Cheltenham Literature Festival Guide
This year’s Literature Festival is bigger than ever, with the addition of a new literary quarter on Montpellier Gardens and four brand new venues. We’ve put together a guide, made by our readers, for our readers. crack
When putting together a guide to such an enormous event it’s hard to know where to begin; the whole September edition could have been dedicated to this cause. Luckily we managed to restrain ourselves and narrow it down to four pages – much to the delight of our advertisers! Here’s an insight into what your fellow Cheltonians are booking into this year.
Saturday 8th October
Jarvis Cocker (£15) 9pm - Celebrated Pulp front man and award-winning radio broadcaster Jarvis Cocker is widely regarded as one of the most original and memorable lyricists and performers of the last three decades. Here he joins us exclusively to discuss his new selected lyrics collection Mother, Brother, Lover, and how he cut an original dash in a rock’n’roll world often dominated by reductive cliché.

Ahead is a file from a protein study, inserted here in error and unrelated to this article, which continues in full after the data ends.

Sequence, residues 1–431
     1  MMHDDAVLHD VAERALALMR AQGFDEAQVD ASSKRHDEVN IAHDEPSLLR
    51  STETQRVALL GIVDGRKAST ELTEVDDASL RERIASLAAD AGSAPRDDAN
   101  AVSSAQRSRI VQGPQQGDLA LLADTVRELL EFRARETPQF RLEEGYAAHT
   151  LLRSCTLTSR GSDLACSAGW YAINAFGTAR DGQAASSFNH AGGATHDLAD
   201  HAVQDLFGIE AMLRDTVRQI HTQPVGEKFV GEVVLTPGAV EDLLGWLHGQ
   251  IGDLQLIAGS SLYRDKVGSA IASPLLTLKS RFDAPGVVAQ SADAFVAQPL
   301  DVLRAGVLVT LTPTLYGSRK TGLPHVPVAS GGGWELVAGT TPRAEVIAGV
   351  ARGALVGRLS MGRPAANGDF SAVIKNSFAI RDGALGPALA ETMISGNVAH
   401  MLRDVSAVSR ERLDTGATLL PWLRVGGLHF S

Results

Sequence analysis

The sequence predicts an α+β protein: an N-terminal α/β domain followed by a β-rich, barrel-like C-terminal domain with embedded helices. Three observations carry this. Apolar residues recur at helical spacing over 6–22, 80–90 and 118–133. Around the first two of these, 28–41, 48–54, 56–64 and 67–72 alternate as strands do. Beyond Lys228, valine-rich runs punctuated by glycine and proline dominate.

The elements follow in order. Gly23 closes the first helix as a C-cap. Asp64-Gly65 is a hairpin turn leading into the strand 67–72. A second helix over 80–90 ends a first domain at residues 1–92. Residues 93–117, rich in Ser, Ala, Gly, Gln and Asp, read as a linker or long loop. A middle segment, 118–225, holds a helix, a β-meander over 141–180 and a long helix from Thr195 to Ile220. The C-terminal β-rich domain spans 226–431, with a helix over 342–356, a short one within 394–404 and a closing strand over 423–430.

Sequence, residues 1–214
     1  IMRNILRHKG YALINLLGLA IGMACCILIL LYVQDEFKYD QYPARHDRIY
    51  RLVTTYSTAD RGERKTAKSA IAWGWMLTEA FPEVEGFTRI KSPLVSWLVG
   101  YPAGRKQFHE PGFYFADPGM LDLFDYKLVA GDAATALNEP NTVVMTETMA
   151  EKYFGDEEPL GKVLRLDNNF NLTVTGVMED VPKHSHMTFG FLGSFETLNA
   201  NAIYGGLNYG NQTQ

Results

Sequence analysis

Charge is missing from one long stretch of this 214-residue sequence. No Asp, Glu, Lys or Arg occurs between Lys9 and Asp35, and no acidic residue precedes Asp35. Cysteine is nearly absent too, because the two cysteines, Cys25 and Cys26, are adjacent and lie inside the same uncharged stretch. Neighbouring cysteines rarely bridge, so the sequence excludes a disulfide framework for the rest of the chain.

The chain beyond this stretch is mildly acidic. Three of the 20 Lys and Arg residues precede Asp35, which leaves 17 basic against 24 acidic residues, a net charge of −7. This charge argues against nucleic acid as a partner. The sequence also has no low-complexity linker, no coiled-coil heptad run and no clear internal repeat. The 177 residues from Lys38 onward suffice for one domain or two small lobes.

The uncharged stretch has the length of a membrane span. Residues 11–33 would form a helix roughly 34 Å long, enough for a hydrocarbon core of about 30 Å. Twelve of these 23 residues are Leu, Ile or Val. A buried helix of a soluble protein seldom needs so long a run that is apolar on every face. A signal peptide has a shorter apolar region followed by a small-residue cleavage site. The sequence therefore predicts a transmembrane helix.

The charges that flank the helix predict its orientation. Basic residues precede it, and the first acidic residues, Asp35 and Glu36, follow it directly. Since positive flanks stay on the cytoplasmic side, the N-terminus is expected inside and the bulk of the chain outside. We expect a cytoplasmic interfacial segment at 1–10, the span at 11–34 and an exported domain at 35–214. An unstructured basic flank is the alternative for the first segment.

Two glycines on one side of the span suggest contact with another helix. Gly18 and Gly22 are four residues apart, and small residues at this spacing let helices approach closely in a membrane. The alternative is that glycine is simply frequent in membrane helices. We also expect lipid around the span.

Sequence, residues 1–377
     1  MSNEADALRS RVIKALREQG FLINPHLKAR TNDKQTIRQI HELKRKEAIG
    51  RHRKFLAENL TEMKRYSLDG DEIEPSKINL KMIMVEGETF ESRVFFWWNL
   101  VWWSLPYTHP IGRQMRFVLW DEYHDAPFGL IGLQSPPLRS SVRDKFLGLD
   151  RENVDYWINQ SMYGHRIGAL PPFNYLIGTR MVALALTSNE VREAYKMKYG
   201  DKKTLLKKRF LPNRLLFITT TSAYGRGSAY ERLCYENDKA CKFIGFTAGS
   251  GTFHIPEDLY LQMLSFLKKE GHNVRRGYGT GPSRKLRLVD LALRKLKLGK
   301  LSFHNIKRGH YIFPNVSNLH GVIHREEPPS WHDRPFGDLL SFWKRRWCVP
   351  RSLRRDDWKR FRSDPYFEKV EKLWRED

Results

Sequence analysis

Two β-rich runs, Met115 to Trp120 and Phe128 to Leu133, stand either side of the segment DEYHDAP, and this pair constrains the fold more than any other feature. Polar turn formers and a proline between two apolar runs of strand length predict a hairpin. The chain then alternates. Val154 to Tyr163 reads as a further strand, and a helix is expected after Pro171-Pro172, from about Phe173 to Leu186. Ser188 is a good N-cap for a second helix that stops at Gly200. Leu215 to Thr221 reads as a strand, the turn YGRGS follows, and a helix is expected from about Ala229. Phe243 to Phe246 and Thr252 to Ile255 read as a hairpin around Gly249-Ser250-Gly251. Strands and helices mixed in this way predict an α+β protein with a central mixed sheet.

Recommended by Alli Fletcher, Jewellery Designer.
Alli says: “Jarvis Cocker to me is one of the true icons of 90s, along with being a fascinating character.”
Sunday 9th October
War Horse (£7.50) 4pm - Michael Morpurgo, the award-winning author of War Horse talks to broadcaster Clare Balding about his best-known book and the incredible journey from his original story first published in 1982 to the National Theatre’s multi award-winning play, and now the forthcoming film by Steven Spielberg due in our cinemas in January.
Recommended by Florence Hall, Actress.